Cobra Effect: Part 2

Last week I ended my post by encouraging us to quit debating policy and instead love those around us – this is how we will create racial unity. But recall that we are to love as Jesus loved us, which is different than how our culture tells us to love. This love is costly, it requires sacrifice.

We see this in the way that Jesus loved us incarnationally, a biblical word to describe how Jesus left heaven to become human. Jesus pursued us. Jesus went out of His way to love us.

Love is not simply being kind to the people we interact with while we pursue our ambitions. To love someone means sacrificing our desires and ambitions for their good. Are we willing to do that? Are we willing to sacrifice our careers, our vacations, our free time, our money, and our comforts to love someone else?


Cobra Effect: Part 1

This post was written in the summer in response to the racial tension.

In Britain controlled India, the city of Delhi had a cobra problem. As a solution, the government created a bounty on cobra heads. Entrepreneurs started breeding cobras to collect an easy bounty causing the government to end the bounty. Without the bounty, the breeders released their cobras making the cobra problem worse than before.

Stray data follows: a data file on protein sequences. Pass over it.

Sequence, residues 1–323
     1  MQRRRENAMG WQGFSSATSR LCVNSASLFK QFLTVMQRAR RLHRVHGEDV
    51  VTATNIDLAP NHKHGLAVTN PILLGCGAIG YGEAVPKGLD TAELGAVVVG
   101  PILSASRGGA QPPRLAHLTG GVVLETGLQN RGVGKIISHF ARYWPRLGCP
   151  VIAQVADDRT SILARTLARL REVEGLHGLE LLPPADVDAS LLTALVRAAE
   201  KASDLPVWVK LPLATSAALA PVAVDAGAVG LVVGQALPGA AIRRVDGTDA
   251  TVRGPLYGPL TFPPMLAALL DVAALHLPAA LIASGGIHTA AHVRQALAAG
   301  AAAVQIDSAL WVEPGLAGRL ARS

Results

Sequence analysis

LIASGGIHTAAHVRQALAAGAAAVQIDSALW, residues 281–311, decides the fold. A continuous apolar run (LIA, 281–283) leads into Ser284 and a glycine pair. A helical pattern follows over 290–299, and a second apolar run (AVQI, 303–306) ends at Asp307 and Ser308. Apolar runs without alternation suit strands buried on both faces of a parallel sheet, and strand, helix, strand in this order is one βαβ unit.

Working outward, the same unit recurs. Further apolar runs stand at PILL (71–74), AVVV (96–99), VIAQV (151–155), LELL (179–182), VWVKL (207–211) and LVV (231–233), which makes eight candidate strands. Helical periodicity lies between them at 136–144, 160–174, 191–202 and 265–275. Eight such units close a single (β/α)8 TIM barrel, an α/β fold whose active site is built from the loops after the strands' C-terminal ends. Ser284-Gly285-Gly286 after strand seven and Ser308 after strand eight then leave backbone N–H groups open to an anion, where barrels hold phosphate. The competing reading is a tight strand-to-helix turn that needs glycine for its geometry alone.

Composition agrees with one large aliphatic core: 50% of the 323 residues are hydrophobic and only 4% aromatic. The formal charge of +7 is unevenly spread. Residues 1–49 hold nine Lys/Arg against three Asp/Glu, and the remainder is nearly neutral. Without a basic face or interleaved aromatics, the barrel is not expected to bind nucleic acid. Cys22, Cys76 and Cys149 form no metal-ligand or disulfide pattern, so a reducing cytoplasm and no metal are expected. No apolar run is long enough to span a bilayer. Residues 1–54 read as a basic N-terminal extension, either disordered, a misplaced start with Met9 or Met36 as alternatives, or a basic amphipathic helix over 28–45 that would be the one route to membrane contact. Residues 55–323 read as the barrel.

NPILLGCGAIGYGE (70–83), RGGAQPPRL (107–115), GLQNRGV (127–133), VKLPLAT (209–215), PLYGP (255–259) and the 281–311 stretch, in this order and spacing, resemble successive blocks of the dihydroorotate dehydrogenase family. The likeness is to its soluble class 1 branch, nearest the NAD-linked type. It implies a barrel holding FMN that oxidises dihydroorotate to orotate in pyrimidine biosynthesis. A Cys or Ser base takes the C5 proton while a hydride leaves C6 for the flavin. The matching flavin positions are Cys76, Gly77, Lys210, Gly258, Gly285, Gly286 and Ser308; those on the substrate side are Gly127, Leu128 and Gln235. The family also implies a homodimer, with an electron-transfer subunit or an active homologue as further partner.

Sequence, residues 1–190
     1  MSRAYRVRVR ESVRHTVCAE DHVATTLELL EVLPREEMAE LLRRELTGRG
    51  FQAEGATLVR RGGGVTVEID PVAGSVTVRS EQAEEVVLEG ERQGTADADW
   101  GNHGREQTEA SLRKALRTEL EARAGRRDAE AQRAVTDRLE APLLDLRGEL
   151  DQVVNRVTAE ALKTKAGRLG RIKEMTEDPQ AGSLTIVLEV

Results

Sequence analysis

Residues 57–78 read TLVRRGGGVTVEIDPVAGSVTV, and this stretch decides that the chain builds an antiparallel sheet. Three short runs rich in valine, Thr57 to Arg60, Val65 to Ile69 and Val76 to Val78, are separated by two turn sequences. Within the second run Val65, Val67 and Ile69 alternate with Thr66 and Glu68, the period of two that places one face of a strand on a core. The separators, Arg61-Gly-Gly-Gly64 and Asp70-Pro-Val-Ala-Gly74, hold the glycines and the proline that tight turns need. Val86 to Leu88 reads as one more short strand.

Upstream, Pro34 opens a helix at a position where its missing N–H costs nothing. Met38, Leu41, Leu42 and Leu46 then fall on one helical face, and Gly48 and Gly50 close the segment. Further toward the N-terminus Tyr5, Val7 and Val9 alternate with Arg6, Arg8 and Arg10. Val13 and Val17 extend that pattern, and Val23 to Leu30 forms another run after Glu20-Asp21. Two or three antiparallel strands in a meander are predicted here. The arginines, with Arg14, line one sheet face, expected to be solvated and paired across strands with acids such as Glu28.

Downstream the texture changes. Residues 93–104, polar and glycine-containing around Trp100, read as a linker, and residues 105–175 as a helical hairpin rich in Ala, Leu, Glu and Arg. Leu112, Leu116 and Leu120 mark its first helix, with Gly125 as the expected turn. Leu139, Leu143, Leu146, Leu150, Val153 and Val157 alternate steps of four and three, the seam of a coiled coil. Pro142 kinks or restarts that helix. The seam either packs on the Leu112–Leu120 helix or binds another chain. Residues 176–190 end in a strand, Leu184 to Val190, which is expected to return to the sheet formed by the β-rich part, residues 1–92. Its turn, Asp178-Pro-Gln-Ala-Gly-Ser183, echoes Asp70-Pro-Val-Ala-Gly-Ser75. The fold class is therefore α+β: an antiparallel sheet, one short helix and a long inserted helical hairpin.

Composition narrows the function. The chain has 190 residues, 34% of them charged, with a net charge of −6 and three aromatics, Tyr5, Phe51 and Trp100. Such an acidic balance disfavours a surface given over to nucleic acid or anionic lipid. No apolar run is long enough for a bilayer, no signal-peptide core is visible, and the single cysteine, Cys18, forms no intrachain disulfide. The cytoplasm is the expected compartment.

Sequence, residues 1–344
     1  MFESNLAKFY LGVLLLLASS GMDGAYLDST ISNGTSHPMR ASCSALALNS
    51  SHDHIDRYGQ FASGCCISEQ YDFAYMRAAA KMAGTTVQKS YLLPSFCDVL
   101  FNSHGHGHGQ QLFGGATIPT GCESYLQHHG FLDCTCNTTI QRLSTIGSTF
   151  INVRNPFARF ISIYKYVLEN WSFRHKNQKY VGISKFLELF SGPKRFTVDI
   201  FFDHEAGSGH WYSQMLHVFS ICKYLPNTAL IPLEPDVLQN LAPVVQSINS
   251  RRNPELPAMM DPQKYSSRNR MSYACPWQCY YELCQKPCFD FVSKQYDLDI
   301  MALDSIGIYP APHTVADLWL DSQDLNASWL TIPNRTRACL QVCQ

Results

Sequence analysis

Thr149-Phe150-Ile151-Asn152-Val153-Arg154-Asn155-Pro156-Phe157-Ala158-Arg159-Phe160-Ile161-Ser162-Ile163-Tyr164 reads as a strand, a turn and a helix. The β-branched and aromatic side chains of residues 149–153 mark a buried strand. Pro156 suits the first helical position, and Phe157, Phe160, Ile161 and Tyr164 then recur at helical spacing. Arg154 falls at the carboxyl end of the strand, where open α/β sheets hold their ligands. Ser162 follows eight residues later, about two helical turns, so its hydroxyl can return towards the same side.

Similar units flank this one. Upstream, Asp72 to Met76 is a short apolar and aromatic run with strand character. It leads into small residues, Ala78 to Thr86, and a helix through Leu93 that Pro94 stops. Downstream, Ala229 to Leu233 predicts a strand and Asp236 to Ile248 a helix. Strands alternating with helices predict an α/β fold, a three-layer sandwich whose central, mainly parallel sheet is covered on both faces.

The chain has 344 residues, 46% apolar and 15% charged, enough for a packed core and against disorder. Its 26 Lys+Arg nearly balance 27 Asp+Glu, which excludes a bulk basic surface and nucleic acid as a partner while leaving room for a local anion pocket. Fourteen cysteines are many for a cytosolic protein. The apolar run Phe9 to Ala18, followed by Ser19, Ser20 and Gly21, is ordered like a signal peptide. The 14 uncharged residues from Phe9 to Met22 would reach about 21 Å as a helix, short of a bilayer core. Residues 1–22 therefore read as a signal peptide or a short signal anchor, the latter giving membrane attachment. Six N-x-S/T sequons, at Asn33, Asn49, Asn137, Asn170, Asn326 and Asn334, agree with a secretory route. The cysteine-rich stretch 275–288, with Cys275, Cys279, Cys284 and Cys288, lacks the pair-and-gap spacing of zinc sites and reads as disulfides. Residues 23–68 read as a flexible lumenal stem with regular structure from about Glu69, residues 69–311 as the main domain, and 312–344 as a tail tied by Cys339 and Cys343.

We need a solution for the current racial and societal unrest, but we also need to understand that unintended consequences are a reality and that our solution could make the problem worse. I don’t say this to discourage action but rather to encourage us towards wise action.

We act wisely by acknowledging our inability to fully understand the problem and the appropriate solution. We act wisely by acknowledging there are no unintended consequences for God. God hates all evil and racism and wants to defeat it, and He has promised He will defeat it through His Church, so we should listen to his instructions.  



Welcome to Broken Chains! I am very excited about launching this blog. I will be posting weekly, and if you want to support me, I ask you to subscribe using the registration form at the bottom of the page and to share with your friends.

For my first post, I want to give a brief explanation for why I chose the name Broken Chains.

We all are selfish, and this has brought pain and sorrow into the world. Unfortunately, this selfishness is inherent to us. We are enslaved to our selfishness and thus doomed to an existence of death and destruction. But through the person of Jesus, God provided a way to new life – God broke the chains of our slavery.

Broken Chains is all about responding to this truth. After Jesus healed a possessed man, Jesus told the man to tell the world what God had done for him. In the same way, I want to tell the world what God has done. If you’d like to read more about the motivation and plans for this blog, you can find more information on the about page.

Thank you for your support, and I am excited to see what this blog grows into.